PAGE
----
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  • Writer's pictureKit Richards

We Ain't Afraid of No Female Ghostbusters

Co-written with Trung Le

One of us is a hardcore and religious fan of the beloved franchise. And the other has yet to see any of the films but wore licensed Ghostbusters socks they got off ASOS. So yeah, we’re both equally qualified to dissect this film.

While we were incredibly excited to see the reboot, there was definitely a level of nervousness. Before the film was even released, there was an explosive reaction to the all-female lead cast – presumably from sweaty misogynist fans. To this incredibly vocal minority, the number of female characters is what made a movie with vomiting ghosts unrealistic, inauthentic and the final PC straw that was going to break their gatekeeping camel backs. We wanted this film to be good, not just for us but for the representation of women and feminism.

And it did not disappoint. The film itself was incredible. Funny, light, well-paced, well-plotted and just a solid rollercoaster of fun. If we really wanted to, we could probably find the odd flaw and have a go at a few jokes that fell flat; but honestly, those flawed moments didn’t matter because of how enjoyable the big picture was.

But the film itself isn’t the reason why we loved the film. Don’t get us wrong, it was such a good film, but what we got out of it wasn’t just a great story. We left the cinema feeling warm inside. We felt empowered. Here was not just a female cast but a strong female cast. These characters were real people; not just stereotypes. These women excelled in science. There was no forced romantic interest; in fact, there was no romance in it. Yes, they had the token hot guy character in Chris Hemsworth but even he is a real person with hopes, dreams and aspirations. Even though Kirstin Wiig’s character playfully flirts with him, he never flirts back. Every character in the film is written with respect. Even the villain, who is funnily enough personifying all of the meninists that threw shade at the film, is treated with some respect.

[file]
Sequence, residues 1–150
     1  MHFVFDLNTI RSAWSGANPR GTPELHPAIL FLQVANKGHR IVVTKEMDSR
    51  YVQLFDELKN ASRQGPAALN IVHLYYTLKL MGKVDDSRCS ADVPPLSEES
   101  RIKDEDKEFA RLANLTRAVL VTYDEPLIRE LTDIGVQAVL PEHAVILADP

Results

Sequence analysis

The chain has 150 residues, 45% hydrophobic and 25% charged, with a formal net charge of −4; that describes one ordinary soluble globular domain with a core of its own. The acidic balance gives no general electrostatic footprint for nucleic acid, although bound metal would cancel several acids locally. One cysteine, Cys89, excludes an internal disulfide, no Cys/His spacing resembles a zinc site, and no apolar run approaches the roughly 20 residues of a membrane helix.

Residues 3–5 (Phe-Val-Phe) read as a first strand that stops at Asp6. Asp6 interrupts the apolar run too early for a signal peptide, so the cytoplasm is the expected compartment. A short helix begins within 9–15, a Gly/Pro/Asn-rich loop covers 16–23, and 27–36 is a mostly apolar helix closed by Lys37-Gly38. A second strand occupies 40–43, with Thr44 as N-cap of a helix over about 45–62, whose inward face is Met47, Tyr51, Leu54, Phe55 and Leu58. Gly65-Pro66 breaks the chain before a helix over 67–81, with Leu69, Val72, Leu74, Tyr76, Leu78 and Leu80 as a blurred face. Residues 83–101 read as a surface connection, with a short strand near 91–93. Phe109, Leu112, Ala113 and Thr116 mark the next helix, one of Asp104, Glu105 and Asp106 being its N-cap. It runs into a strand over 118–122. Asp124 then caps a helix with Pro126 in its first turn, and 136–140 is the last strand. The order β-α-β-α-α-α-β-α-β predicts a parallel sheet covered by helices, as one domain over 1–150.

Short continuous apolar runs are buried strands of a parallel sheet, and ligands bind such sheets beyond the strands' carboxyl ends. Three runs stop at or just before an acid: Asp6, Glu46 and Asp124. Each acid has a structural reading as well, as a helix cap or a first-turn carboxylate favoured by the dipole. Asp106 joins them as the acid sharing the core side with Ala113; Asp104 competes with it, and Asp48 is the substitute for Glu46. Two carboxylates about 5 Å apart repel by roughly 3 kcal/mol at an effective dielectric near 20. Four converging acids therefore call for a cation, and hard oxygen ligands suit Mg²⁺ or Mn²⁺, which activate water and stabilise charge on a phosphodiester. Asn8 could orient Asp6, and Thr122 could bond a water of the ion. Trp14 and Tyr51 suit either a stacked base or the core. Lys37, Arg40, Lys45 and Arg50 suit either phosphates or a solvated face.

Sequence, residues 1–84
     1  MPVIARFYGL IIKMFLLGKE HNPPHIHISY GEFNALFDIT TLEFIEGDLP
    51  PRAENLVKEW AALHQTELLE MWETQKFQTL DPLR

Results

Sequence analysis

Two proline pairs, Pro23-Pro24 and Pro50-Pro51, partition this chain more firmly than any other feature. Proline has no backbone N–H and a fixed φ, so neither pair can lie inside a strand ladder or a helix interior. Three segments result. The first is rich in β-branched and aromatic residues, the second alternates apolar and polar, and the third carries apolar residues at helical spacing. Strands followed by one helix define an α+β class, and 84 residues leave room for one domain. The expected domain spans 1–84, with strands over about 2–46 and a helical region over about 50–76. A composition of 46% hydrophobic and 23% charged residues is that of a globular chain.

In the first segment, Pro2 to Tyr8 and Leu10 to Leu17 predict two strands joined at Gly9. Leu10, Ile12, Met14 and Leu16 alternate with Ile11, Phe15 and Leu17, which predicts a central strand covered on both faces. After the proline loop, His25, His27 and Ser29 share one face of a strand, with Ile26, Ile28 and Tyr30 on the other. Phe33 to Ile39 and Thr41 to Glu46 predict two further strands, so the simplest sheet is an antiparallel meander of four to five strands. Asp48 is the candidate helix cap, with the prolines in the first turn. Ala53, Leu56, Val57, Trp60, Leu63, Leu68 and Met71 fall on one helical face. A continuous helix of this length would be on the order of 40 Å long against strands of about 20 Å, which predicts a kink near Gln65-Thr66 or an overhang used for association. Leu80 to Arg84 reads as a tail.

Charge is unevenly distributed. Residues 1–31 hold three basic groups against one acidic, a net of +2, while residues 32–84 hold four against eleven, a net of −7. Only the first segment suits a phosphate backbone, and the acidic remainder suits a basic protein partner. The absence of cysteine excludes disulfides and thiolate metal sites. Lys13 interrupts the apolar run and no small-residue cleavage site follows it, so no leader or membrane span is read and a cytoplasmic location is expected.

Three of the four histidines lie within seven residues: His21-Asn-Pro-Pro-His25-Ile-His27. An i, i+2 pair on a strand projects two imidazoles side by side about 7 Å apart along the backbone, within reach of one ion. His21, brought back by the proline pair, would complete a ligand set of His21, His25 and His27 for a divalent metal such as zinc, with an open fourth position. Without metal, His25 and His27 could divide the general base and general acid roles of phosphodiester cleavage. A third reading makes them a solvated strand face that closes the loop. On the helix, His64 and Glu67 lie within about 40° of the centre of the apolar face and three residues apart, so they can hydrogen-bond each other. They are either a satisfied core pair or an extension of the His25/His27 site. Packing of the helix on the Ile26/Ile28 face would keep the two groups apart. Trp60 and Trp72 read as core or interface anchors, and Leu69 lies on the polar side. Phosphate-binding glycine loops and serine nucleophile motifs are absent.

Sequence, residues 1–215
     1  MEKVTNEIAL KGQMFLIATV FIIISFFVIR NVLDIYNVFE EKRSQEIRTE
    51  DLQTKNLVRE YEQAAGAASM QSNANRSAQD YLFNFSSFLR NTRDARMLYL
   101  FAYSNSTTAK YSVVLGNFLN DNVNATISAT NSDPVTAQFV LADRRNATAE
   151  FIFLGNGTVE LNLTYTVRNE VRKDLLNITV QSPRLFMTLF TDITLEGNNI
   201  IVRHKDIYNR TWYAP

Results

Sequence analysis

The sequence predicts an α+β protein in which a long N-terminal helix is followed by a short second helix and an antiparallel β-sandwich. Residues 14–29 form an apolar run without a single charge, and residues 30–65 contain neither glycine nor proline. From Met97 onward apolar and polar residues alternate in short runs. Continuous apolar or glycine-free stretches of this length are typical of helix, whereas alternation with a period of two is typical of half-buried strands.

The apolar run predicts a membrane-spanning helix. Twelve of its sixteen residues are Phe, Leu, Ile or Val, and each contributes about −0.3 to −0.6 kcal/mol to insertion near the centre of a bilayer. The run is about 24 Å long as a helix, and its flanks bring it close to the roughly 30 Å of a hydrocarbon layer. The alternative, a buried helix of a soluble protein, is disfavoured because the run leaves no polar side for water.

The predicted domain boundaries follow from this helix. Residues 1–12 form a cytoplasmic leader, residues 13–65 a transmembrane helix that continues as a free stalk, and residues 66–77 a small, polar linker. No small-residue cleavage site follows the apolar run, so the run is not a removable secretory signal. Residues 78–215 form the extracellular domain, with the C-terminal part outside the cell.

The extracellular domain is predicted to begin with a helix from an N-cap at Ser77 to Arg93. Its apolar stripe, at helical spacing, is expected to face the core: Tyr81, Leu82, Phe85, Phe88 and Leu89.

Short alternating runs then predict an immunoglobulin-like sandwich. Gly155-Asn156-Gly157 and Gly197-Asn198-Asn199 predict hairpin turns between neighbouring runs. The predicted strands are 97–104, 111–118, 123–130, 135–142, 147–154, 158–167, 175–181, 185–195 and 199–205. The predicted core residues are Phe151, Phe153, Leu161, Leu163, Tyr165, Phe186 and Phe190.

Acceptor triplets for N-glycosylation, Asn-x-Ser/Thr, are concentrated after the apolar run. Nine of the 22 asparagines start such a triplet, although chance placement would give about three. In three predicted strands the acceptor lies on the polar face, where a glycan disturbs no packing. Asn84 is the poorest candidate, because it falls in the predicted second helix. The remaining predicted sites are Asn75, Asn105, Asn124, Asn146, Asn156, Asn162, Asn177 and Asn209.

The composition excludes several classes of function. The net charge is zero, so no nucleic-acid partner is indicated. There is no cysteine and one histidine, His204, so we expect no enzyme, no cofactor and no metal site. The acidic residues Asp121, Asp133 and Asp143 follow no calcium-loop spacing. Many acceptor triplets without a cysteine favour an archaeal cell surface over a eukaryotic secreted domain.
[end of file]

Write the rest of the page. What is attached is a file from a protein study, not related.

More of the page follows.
Now, we can’t write a review about the new Ghostbusters without talking about the old. The contemporary Ghostbusters pays the right amount to the old, but to be honest, they’re not comparable. The original Ghostbusters is a cult classic that can never be recreated. The new Ghostbusters is a worthy adversary. Rather than waste time thinking about “which is better”, instead see that they’re both incredible comedic masterpieces aimed at different audiences.

To all the butt hurt men who hate on this film, we’re going to say this to you. You don’t own this franchise. The original two films still exist. You can still access them. Your childhood isn’t being ruined, your childhood is over. Deal with it. You are not entitled to a reboot. If you’re pissed off because the new Ghostbustersare women, it’s not because of your loyalty to the original franchise – you just hate women.

The image below encapsulates the reason why this film is so important and why we admire everyone involved with its creation for sticking to their guns.

Look at the love and devotion in those girls’ eyes. Representation matters – they get to look up at a screen and see themselves reflected. That is worth every angry tweet in the world.

We can’t wait for Ghostbusters to be released in cinemas so that we can see it three or four more times. A brilliant piece of feminist comedy art. All the characters are memorable, the film on a whole is seriously enjoyable and we can’t think of a single bad thing to say about it. The only thing better than this movie is the fact that some nerd somewhere (probably named Kevin) is denying themselves of a great experience because they’re definitely afraid of women busting ghosts.

This review was originally published in Farrago Magazine

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